The U.S. Air Force has deployed an undisclosed number of F-22 Raptors to the Middle East – the United States Central Command’s (CENCOM’s) area of responsibility – to address unsafe and unprofessional behavior by Russian aircraft in the region. The fifth-generation air superiority fighters are part of a multifaceted show of U.S. support and capability.
The Raptors have been deployed from Langley Air Force Base, Virginia’s, 94th Fighter Squadron. They will demonstrate the U.S. Air Force’s ability to re-posture forces and deliver overwhelming power at a moment’s notice. While in the CENTCOM area, the 94th Fighter Squadron will integrate with coalition forces on the ground and in the air.
This rapid deployment and integration into coalition operations is a clear demonstration of the commitment shared by partners, allies, and the U.S. to long-term peace and stability in the region, CENTCOM stated.
“Russian Forces’ unsafe and unprofessional behavior is not what we expect from a professional air force. Their regular violation of agreed upon airspace deconfliction measures increases the risk of escalation or miscalculation,” explained Gen. Michael “Erik” Kurilla, commander of U.S. Central Command. “Alongside our partners and allies, we are committed to improving the security and stability in the region.”
F-22 Is Coming: The Situation in Syria
Russia currently maintains more than 2,500 personnel in Syria to support the Bashar al-Assad regime in Damascus, and Moscow has long sought U.S. withdrawal from the country. However, there remain some 900 American troops located largely in the northeast of Syria, where they continue to carry out raids alongside local forces to uproot the remnants of the Islamic State group.
Russia has deployed a number of Sukhoi Su-34 jets to Syria. These aircraft are armed with a variety of radar-guided air-to-air missiles, as well as air-to-ground munitions.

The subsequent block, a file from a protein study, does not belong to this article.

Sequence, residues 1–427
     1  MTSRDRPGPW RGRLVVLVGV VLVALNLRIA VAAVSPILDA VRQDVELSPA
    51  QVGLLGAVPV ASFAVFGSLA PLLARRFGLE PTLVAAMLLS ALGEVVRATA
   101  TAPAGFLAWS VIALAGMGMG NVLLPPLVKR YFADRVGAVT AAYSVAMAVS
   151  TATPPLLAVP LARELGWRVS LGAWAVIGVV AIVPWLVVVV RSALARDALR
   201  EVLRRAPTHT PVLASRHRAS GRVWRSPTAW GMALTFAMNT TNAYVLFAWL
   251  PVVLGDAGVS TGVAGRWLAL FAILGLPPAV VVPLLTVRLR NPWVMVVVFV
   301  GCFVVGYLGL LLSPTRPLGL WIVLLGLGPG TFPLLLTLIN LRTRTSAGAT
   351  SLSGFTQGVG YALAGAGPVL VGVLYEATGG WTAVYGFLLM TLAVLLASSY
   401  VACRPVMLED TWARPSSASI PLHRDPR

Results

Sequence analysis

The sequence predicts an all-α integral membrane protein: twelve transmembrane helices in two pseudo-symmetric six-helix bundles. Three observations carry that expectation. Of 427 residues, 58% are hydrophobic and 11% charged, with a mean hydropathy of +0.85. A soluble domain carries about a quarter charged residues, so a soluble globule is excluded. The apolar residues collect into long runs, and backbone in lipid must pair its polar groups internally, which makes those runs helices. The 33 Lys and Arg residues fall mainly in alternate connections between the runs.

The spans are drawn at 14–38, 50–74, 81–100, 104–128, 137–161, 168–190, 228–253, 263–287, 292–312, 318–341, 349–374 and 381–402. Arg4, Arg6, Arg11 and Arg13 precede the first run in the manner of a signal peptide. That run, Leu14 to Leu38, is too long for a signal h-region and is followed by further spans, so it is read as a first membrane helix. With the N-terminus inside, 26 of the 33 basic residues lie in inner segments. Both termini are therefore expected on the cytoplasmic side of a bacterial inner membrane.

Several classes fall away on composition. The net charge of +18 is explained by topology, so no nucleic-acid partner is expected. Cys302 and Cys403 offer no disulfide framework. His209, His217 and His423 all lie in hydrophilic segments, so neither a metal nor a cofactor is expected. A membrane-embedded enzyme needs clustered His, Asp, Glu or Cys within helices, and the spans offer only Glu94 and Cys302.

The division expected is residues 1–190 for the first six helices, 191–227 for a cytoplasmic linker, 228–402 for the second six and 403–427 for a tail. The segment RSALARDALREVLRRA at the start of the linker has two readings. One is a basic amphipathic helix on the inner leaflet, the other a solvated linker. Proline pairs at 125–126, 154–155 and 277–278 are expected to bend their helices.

Aerial Close Encounters
Both the United States and Russia have aircraft operating with regularity over the skies of Syria. Despite an attempt by the U.S. to present a de-escalatory posture, there have been reports of Russian pilots harassing U.S. aircraft. This pattern began last year, around the time that Moscow launched its unprovoked invasion of Ukraine.
At this week’s Defense One Tech Summit, Lt. Gen. Alexus Grynkewich, head of the U.S. Air Forces Central Command, warned that Russian aviators are continuing to bait U.S. pilots into dogfighting, stating “This is one place where combatant command [boundary] lines aren’t helpful.”
The close encounters are not just taking place in the sky. Grynkewich also told NBC News in March that Russian jets flew over a U.S. military outpost in Syria daily.
“They’re regularly flying directly overhead of our units, and I’ve defined directly overhead, as within about a mile, no more than a mile offset one side or the other, while we’ve got forces right there on the ground at ATG,” said Grynkewich. “So it’s an uncomfortable situation.”
In mid-March, a Russian Sukhoi Su-27 fighter jet collided with an American MQ-9 drone over the Black Sea. Following the incident, Russian Minister of Defense Sergei Shoigu awarded the Russian fighter pilots with the ‘Orders of Courage’ medal, which Grynkewich said only encourages other Russian pilots to fly aggressively.
“For the life of me, I don’t know why the Russians give a medal to someone who makes such an egregious mistake and has such a lack of airmanship. It reflects a decline in the professionalization of their air force, in my view, but they’ve done it,” the general added.
Now that F-22s will be operating in the region, it will be worth noting whether Russian pilots will be quite so bold.
Author Experience and Expertise
A Senior Editor for 19FortyFive, Peter Suciu is a Michigan-based writer. He has contributed to more than four dozen magazines, newspapers, and websites with over 3,200 published pieces over a twenty-year career in journalism. He regularly writes about military hardware, firearms history, cybersecurity, politics, and international affairs. Peter is also a Contributing Writer for Forbes and Clearance Jobs. You can follow him on Twitter: @PeterSuciu.